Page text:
You will find that it has discrete steps.

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          • #6
            They are available at Menards and Home depot.
            John b. SW Chicago burbs.

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            • #7
              Three or more times more expensive than wire nuts. I can see in some circumstances but for home building? No electrician I know of is going to spend a dollar plus to make-up a box vs 25 to 30 cents. I sure wouldn't. Looks like more homeowner and electronics to me.

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              • #8
                Direct link:

                https://www.wago.com/us/discover-wir...ing-connectors

                http://pauleschoen.com/pix/PM08_P76_P54.png
                Paul , P S Technology, Inc. and MrTibbs
                USA Maryland 21030

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                • #9
                  Never heard of the "brand name" have used the stab in's in florescent lighting kits...

                  I had to check on u boob to see how the lever action worked and immediately found this guy --- watched half the vid and am totally with him --- your want your house to burn down - buy them up and use them asap...

                  https://youtu.be/sHYzpUvddOc

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                  • #10
                    Interesting video. It makes a certain amount of sense - wire nuts are effectively like electronic wire wrap, in that (correctly used) they make a gas tight connection over a significant area of the wires. As shown in the video, the wagos have only a small contact area, and it appears that it would have been made under less pressure than a strong "twist". Also, I learned that the best way to use a twist connector was to twist the wires tightly before inserting them - not to simply use the connector itself as the twisting tool. Yes this takes a bit longer. Does it really matter? I don't know.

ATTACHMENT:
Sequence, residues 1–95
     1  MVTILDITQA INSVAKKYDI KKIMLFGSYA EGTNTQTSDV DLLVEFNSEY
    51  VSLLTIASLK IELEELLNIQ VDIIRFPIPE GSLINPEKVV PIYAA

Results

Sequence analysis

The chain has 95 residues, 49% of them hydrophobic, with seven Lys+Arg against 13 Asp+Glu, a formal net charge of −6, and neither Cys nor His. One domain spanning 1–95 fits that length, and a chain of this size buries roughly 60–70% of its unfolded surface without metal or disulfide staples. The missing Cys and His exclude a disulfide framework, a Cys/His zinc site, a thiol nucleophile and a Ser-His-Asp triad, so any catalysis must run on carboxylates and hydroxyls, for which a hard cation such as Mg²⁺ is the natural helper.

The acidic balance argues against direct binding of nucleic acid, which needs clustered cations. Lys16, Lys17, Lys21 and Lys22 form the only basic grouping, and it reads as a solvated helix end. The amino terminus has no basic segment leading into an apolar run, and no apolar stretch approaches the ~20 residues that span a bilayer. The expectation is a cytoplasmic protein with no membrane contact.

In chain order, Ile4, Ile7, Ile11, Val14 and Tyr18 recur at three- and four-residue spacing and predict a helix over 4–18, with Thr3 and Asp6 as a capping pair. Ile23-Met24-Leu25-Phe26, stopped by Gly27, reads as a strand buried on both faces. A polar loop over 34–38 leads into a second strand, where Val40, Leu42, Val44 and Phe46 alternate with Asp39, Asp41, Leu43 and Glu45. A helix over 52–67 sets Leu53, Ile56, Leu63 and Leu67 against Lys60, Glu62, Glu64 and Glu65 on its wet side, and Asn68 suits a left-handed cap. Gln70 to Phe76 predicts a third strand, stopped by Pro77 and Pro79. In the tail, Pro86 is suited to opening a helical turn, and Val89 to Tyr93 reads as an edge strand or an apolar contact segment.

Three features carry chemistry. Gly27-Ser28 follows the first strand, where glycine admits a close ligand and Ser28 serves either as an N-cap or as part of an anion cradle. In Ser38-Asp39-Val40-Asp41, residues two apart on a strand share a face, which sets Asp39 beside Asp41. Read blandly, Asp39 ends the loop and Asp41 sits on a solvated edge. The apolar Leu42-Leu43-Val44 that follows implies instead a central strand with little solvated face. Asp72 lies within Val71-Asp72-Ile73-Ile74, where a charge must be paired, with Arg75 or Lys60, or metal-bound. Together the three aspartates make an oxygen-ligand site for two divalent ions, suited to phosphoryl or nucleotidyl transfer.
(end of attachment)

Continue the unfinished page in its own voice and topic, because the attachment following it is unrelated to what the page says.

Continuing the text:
"A machinist's (WHAP!) best friend (WHAP! WHAP!) is his hammer. (WHAP!)" - Fred Tanner, foreman, Lunenburg Foundry and Engineering machine shop, circa 1979

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                    • #11
                      Originally posted by A.K. Boomer View Post
                      Never heard of the "brand name" have used the stab in's in florescent lighting kits...

                      I had to check on u boob to see how the lever action worked and immediately found this guy --- watched half the vid and am totally with him --- your want your house to burn down - buy them up and use them asap...

                      https://youtu.be/sHYzpUvddOc
                      I watched the guy on you tube. I dont think that he was using wago brand. The wago connecters that I have are clear so that you can actually see the wire being clamped after you flip the lever. The guy puts ONE WIRE into ONE OF THE PORTS and spins the wago and shows how it cuts into the wire.This would not normally happen The main point of the you tube video seems to be DONT USE THE STAB IN CONECTERS. I agree ,I have had bad experience with stab in outlets. Edwin Dirnbeck

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                      • #12